Iowa Motorcycle Accidents

Posted by on Aug 14, 2017 in Traffic Incidents, Uncategorized | 0 comments

The United States is a very large country, full of sprawling metropolises and countless rural towns sometimes hundreds of miles from a major city. Because of this, the States have a huge network of highways and roads, and most people drive personal vehicles every single day. Of course, with everyone out on the roads, car accidents are going to happen every day. It is an oft cited statistic that you are more likely to die in a car accident than any other mode of transportation, and this is why car companies have invested millions in all sorts of safety features. Unfortunately, the safety features of motorcycles are limited, but they remain a very popular way to get around.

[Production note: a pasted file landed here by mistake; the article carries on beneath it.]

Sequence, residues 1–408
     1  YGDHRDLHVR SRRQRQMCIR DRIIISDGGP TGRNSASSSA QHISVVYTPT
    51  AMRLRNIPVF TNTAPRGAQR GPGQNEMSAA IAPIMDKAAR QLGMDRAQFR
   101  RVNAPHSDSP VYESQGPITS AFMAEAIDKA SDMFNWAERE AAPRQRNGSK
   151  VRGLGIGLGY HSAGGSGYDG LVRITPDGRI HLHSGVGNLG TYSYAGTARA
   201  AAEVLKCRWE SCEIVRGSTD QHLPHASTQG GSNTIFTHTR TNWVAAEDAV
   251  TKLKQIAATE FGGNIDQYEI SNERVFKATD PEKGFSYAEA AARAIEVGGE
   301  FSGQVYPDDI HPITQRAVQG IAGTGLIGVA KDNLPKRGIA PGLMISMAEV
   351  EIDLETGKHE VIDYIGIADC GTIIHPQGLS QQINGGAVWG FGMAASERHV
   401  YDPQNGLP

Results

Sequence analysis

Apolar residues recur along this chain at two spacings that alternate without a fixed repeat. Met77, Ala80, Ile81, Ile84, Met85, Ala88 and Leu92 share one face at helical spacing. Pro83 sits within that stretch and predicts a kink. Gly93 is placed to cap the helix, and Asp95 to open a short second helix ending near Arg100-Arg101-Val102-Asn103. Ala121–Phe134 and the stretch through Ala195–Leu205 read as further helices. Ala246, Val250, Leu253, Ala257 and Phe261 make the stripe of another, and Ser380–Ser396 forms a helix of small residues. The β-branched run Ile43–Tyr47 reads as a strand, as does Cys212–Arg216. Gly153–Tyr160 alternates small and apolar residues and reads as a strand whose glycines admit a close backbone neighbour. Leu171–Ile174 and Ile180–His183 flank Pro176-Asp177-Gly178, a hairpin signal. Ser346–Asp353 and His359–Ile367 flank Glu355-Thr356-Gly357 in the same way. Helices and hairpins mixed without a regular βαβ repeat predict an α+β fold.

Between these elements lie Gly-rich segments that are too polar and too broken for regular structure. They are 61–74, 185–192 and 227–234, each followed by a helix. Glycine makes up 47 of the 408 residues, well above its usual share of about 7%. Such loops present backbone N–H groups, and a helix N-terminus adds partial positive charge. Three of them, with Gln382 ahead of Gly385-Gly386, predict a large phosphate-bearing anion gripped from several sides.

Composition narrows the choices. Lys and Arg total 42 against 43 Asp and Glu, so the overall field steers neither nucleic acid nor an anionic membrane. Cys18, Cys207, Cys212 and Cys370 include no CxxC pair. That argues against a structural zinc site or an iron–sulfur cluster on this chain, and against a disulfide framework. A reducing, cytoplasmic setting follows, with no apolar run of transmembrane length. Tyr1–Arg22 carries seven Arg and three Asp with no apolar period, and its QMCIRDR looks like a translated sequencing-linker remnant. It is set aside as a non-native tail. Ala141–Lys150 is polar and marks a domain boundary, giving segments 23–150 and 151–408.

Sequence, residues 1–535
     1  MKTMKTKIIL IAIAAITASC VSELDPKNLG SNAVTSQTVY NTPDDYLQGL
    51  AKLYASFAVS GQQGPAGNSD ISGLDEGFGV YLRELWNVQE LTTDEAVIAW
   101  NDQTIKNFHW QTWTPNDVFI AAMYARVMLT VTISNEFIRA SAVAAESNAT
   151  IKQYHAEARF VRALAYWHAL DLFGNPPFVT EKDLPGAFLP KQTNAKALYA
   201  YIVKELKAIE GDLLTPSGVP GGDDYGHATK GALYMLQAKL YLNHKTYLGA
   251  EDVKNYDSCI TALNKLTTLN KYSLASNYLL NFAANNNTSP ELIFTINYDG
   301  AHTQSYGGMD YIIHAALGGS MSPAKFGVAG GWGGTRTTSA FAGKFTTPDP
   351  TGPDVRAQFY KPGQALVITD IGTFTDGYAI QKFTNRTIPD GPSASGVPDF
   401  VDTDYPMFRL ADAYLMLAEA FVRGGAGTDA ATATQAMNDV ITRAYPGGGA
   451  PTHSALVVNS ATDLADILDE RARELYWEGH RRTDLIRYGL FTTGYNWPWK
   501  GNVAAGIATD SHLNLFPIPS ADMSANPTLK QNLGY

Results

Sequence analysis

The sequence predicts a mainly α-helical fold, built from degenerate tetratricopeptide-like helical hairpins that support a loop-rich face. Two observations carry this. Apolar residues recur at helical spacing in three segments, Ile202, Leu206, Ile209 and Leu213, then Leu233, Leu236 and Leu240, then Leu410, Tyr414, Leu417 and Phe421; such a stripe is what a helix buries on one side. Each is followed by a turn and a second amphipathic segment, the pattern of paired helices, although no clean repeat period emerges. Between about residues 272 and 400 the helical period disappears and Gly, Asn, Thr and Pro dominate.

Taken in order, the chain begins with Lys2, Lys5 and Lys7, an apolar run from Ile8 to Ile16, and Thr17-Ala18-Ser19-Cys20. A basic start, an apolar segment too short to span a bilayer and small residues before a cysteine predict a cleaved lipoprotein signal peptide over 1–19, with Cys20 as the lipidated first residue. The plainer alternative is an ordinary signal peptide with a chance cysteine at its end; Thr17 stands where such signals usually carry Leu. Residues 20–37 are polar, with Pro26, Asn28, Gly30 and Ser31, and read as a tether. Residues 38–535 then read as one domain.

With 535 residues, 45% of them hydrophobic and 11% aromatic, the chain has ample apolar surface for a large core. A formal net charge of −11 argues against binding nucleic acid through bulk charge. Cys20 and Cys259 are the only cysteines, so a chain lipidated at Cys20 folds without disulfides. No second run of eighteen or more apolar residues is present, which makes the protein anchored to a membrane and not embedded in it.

According to the Des Moines Register, Iowa state senator Chaz Allen lost his brother in a motorcycle accident in 2011, and just this year he also lost his father to a motorcycle accident. His father was killed in early June at the age of 75, and the accident almost cost the life of Allen’s mother, who was clinging to her husband as they hit a deer that had bounded into the road. The funeral, bikers from around the city showed up to pay their respects to the song of their people: the hum of a motorcycle engine. The statistics in Iowa are concerning. There are around 40-60 motorcycle fatalities every year, and most of these deaths afflict riders who did not wear helmets or take the proper safety precautions. Iowa is just one of three states that do not mandate that motorcycle riders wear a helmet, the other two being Illinois and New Hampshire. One reason it is difficult to get these laws passed is that bikers have a strong sense of freedom, and the main reason they get a bike in the first place is to feel the wind in their hair and really connect with the world while riding.